A senior derivatives trader, interviewed recently by Risk, was asked how he thought the derivatives market would develop over the next five years. His response was a spin on an old joke - each desk will comprise a sophisticated trading model, a trader and a dog. The model will make all the trading decisions; the trader acts as a back-up in case the model crashes; and the dog is trained to bite the trader if he or she tries to touch the model in any other circumstance.
It may be a light-hearted take on the development of the industry, but parts of his prediction already seem - perhaps worryingly for traders - close to reality. In the equity markets, dealers have been using algorithmic models for some time to optimise the execution and timing of client orders. Elsewhere, structured products based on the returns generated by rules-based, quantitative trading models are becoming increasingly popular with retail, high-net-worth and institutional investors (see page 88).
And, perhaps in a sign of things to come, interdealer credit derivatives broker CreditTrade and electronic trading platform Creditex announced in July that they are merging to create a single company offering voice broking and electronic execution services in the credit derivatives market. This last example doesn't cut out the need for human traders - not at this stage anyway - but will facilitate the automation of execution and settlement.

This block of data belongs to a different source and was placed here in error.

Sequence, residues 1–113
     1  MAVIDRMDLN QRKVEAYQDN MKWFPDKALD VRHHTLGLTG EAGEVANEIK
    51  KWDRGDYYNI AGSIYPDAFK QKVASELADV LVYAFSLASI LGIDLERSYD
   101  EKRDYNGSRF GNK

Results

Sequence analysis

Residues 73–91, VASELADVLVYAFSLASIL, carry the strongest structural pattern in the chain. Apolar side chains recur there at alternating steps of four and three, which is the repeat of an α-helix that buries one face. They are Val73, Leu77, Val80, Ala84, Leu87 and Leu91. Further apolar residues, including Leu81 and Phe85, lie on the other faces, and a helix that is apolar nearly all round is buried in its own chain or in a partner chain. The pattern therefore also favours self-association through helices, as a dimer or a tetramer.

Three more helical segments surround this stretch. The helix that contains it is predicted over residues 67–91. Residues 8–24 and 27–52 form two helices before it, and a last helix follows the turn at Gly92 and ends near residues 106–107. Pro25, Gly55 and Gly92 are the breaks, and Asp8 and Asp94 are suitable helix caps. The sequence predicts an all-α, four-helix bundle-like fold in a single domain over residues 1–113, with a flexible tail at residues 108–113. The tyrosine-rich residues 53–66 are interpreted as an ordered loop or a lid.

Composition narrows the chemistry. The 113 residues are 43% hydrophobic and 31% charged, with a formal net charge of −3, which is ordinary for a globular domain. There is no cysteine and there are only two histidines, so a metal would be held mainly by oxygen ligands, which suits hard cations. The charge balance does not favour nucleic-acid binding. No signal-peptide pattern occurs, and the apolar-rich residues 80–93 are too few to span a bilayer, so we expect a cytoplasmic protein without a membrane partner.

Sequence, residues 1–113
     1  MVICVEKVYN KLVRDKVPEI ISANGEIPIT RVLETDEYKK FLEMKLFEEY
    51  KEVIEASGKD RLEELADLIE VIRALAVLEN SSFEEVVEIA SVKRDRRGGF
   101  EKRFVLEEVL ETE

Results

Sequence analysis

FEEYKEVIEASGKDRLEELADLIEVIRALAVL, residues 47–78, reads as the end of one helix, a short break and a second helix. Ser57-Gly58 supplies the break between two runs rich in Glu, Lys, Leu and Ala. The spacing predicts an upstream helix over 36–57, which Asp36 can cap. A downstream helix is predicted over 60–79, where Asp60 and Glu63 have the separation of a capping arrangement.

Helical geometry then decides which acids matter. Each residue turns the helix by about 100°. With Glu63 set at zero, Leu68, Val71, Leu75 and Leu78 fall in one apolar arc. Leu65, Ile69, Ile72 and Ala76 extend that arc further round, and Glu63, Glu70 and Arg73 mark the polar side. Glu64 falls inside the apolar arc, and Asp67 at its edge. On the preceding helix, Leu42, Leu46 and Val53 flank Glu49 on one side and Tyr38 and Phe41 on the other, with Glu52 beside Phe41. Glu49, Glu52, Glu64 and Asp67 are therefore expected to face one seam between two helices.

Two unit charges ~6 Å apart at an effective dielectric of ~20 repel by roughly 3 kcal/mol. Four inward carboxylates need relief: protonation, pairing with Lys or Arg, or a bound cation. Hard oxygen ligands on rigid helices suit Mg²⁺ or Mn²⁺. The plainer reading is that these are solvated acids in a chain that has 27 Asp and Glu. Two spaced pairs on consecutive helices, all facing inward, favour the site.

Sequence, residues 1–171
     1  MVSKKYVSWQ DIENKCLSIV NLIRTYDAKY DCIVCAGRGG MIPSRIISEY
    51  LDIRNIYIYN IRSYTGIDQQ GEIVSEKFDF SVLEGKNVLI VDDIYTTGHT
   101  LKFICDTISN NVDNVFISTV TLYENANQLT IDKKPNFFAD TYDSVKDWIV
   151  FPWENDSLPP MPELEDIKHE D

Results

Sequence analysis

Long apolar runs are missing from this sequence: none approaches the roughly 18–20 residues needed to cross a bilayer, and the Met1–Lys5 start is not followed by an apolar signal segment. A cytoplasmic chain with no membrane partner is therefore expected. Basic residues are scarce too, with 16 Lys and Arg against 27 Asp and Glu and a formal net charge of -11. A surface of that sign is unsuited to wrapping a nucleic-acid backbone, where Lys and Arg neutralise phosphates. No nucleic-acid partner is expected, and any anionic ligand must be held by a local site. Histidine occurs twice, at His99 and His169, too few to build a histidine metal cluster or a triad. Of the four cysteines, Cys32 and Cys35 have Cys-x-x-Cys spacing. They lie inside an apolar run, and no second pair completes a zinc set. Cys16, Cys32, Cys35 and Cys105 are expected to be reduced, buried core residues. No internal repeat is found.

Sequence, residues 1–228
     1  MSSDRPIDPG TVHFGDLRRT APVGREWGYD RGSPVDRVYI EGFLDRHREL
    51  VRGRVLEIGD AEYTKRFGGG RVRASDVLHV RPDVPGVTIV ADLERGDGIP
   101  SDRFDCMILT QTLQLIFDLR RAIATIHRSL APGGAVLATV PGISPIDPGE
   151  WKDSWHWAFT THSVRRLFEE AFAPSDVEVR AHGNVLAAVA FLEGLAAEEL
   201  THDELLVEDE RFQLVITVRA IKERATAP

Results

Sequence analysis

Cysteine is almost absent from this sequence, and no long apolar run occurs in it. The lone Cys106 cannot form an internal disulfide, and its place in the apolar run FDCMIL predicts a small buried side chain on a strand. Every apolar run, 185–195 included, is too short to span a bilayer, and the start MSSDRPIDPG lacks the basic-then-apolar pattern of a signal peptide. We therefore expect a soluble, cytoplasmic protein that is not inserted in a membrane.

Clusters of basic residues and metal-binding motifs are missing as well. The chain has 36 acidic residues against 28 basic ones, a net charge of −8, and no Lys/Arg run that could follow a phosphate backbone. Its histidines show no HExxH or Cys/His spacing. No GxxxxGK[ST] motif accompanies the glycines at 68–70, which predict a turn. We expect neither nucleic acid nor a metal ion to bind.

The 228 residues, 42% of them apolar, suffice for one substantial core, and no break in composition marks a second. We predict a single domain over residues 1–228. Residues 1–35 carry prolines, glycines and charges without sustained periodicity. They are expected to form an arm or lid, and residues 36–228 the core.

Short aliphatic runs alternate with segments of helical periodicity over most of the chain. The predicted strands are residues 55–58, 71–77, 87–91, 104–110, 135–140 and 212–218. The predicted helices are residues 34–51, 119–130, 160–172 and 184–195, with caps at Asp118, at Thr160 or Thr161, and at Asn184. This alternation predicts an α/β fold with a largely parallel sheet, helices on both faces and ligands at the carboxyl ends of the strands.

The benefits of technology are manifold: speed of execution (trades can be completed in tenths of a second), automated confirmation and settlement, and quick, objective decision-making. However, some dealers and asset managers argue that the strengths of trading models are also their weakness - in making objective, rules-based trading decisions, the models are unable to replicate the judgement, intuition and gut instinct of experienced traders.
It's true that, in the derivatives markets at least, models are unlikely to be able to fully replace human traders. But that doesn't mean derivatives houses can afford to stick their heads in the sand. The march of technology is relentless, and computers are performing tasks that couldn't even be imagined a few years ago. Banks need to keep pace with innovation, embrace it and employ it on their trading desks.
It may mean a reduced head count in the long term - but traders won't be alone. Data providers Thomson and Reuters recently revealed that they are using computers to write simple financial stories for their news services. Maybe it's time we all got used to the idea of sharing our desks with a Rottweiler.
- Nick Sawyer, Editor
This month marks the fifth anniversary of the September 11, 2001 terrorist attacks. We'd like to pay tribute to all our Risk Waters Group friends and colleagues who were attending the Waters Financial Technology Congress at Windows on the World, on the 106th floor of the north tower of the World Trade Center: Sarah Ali Escarcega, Oliver Bennett, Paul Bristow, Neil Cudmore, Melanie de Vere, Michele du Berry, Elisa Ferraina, Amy Lamonsoff, Sarah Prothero, David Rivers, Laura Rockefeller, Karlie Rogers, Simon Turner, Celeste Victoria, Joanna Vidal and Dinah Webster.
We also remember the 65 delegates, speakers, sponsors and exhibitors that so senselessly lost their lives.
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